So yes, Jesus did die. No, the disciples did not steal the body. No, the tomb they saw was not the wrong tomb. In the discipline of “History” the evidence we see proves that the resurrection was a historical account.
In addition to the evidence given in the Gospels, 1 Corinthians also brings to light another primary source. Paul was writing 1 Corinthians before his own death in AD 64, less than 30 years from the crucifixion event. In 1 Corinthians 15, Paul tells the Corinthians church that 500+ people saw the resurrected Jesus (after he had died). He even indicates they could go and talk most of them (as some had already died themselves). So in addition to the Gospel authors providing 1st hand accounts of Jesus, there were 500 other eyewitnesses to the resurrection that could confirm it all during the time of Paul’s writing 1 Corinthians.
Ramifications of Jesus’ Resurrection
No to move away from History, there are ramifications (consequences) stemming from the resurrection. Theologically, Jesus’ blood covers the sins of any who would confess him as Lord. Those who believe are given a righteous standing before God the Father. They are afforded relationship with their once estranged heavenly Father. They have eternal life, the promise of living forever in God’s kingdom and will experience their own resurrection after death. They receive the inheritance of God’ blessing because of their right relationship. They are given spiritual gifts and power from the Holy Spirit to work in this world for Jesus. They have access to the God who designed the body, the environment, and relationships. They are able to totally revolutionize their own lives and become new people because of the Holy Spirit that dwells inside each believer. This is all the result of Jesus’ death and resurrection. Believers stand saved, forgiven, healed, alive, and empowered to love rightly because of what Jesus did. Paul was aware of all this and spelled it out as such to the Corinthians. He was also aware of how things would be were Jesus not resurrected.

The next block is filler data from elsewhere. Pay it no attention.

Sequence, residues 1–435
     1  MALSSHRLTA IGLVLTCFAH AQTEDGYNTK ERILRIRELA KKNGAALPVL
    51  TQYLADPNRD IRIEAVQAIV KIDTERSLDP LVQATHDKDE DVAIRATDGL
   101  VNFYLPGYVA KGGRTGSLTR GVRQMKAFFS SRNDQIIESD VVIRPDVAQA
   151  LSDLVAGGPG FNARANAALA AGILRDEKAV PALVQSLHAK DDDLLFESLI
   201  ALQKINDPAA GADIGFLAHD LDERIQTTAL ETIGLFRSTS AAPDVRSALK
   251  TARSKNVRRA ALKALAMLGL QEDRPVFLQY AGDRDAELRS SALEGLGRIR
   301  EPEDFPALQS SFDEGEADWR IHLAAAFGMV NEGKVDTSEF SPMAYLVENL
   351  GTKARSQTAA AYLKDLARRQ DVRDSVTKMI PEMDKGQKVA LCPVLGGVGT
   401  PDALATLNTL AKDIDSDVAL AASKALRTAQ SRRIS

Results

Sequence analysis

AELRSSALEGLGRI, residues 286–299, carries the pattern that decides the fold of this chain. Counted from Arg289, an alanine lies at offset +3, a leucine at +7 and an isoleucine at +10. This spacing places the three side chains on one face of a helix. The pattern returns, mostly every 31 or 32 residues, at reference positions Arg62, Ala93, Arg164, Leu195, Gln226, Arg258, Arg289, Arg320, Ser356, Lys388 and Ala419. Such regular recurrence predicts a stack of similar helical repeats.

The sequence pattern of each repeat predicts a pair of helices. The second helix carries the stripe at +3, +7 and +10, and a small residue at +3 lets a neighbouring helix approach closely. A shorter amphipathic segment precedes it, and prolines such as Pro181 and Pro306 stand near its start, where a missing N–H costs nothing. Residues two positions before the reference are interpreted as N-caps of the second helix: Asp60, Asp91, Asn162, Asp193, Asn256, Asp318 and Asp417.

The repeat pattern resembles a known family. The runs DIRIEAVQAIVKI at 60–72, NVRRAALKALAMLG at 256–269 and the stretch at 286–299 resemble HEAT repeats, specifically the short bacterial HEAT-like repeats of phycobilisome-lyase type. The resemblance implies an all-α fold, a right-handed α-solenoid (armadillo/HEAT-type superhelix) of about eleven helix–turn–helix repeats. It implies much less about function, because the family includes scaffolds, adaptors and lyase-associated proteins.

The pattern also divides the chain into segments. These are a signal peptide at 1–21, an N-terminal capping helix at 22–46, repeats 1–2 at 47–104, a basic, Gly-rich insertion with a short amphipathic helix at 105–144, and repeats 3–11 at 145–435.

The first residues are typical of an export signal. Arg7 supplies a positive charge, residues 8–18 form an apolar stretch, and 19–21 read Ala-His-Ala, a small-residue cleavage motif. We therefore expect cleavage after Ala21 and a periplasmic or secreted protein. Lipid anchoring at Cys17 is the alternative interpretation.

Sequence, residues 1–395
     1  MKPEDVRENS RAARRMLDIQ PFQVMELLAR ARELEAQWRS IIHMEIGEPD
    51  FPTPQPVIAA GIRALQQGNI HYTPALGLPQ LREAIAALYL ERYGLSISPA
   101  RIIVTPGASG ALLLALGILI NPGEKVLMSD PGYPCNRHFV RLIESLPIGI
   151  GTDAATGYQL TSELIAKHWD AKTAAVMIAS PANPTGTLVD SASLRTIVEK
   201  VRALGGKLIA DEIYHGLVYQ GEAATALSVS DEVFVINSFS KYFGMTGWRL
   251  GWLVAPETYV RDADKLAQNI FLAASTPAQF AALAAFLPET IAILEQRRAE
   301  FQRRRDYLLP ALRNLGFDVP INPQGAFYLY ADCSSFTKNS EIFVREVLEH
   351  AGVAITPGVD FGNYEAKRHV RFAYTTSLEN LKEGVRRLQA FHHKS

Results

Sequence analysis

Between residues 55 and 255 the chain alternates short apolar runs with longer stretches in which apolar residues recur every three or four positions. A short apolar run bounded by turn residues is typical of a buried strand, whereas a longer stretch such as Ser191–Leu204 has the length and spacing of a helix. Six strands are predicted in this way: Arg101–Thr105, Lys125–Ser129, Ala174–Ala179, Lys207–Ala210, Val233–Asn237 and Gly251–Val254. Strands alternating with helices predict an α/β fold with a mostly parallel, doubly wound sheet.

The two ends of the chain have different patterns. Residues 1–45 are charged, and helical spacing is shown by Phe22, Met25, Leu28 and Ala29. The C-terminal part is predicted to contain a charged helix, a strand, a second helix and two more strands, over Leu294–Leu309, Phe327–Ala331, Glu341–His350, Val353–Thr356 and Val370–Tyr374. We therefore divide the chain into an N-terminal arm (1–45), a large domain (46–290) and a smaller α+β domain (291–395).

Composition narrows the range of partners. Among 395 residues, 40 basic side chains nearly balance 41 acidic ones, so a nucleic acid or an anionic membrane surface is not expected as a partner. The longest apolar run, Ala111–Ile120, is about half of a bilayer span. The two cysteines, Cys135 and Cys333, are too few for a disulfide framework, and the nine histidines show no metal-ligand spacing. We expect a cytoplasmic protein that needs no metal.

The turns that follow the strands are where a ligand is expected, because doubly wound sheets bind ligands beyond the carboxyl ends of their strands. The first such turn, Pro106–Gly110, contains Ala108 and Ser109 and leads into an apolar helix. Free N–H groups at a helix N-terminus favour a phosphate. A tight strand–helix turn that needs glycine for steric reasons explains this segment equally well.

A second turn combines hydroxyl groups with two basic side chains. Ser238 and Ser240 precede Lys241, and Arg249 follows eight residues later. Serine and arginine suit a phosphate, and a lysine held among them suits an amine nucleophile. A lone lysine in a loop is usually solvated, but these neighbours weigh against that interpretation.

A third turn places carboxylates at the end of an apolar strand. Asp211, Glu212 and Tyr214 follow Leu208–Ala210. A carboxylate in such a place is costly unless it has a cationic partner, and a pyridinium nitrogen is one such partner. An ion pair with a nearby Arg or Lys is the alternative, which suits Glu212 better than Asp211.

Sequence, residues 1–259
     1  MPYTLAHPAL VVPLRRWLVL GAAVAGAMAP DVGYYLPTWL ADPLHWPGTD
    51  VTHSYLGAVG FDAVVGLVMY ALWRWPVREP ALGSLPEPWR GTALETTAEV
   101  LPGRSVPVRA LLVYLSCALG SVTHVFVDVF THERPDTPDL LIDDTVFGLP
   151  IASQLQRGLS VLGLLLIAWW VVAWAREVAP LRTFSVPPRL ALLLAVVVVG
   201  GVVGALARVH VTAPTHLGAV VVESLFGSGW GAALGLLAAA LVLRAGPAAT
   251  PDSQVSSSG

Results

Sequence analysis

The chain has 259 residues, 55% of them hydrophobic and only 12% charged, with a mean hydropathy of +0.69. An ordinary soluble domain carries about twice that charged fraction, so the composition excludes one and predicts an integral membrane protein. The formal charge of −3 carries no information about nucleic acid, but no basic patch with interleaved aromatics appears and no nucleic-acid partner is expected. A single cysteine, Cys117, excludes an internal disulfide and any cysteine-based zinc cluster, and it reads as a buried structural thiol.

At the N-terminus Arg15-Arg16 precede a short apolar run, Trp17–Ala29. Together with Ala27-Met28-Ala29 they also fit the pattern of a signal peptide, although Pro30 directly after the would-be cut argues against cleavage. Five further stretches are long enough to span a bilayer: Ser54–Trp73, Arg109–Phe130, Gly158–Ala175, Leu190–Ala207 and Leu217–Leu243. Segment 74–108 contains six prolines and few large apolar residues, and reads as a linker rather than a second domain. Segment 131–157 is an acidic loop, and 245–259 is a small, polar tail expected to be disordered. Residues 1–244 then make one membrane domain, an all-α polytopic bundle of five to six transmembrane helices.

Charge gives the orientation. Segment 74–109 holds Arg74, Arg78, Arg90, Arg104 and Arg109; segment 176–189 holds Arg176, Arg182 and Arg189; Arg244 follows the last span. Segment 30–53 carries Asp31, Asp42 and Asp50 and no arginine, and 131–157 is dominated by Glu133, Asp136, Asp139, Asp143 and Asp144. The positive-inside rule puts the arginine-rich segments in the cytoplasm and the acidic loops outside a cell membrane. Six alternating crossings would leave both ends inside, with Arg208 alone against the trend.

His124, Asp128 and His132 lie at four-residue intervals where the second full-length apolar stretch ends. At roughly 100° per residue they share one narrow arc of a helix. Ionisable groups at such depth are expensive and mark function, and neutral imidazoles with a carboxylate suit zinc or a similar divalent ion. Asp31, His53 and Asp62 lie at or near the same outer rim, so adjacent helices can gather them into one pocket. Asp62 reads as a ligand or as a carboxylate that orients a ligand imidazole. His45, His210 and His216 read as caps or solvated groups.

What if Jesus’ Wasn’t Resurrected
Christians would be the laughing stock of the world if Jesus wasn’t resurrected. The opposite of the above ramifications would be the painful reality. Theologically, Jesus’ blood wouldn’t cover the sins of any who would confess him as Lord. Those who believe would not be given a righteous standing before God the Father. They would not be afforded relationship with their once estranged heavenly Father. They would not have eternal life, nor the promise of living forever in God’s kingdom and won’t experience their own resurrection after death. They would not receive the inheritance of God’ blessing because of their right relationship. They would not be given spiritual gifts and power from the Holy Spirit to work in this world for Jesus. They would not have access to the God who designed the body, the environment, and relationships. They would not be able to totally revolutionize their own lives and become new people because of the Holy Spirit that dwells inside each believer. This is all the result of Jesus’ death without resurrection. Believers wouldn’t stand saved, forgiven, healed, alive, nor empowered to love rightly because what Jesus did was not real. Paul was aware of all this and spelled it out as such to the Corinthians. Jesus’ death without the resurrection would make Christianity the most pathetic group in the world. As a leader of that group, Paul would be the worst of the worst of humanity for so earnestly believing such a debacle.
However, the evidence, the primary sources, and the fact remains. Jesus rose from the dead. Those who honestly reason through the Gospel and believe it will be better off. They will have all the ramifications contingent upon believing Jesus’ resurrection. Those who don’t will still exist in enmity with God and suffer eternal separation from all that he represents: good, life, light, joy, peace, fulfillment, pleasure, etc. So as we set our hearts toward Easter, let us remember that Jesus’ resurrection is the life-blood of Christianity. Without it, there is no Christianity.
Thank you for reading this week’s Pastor Blog. I pray that it has helped you better experience our Lord’s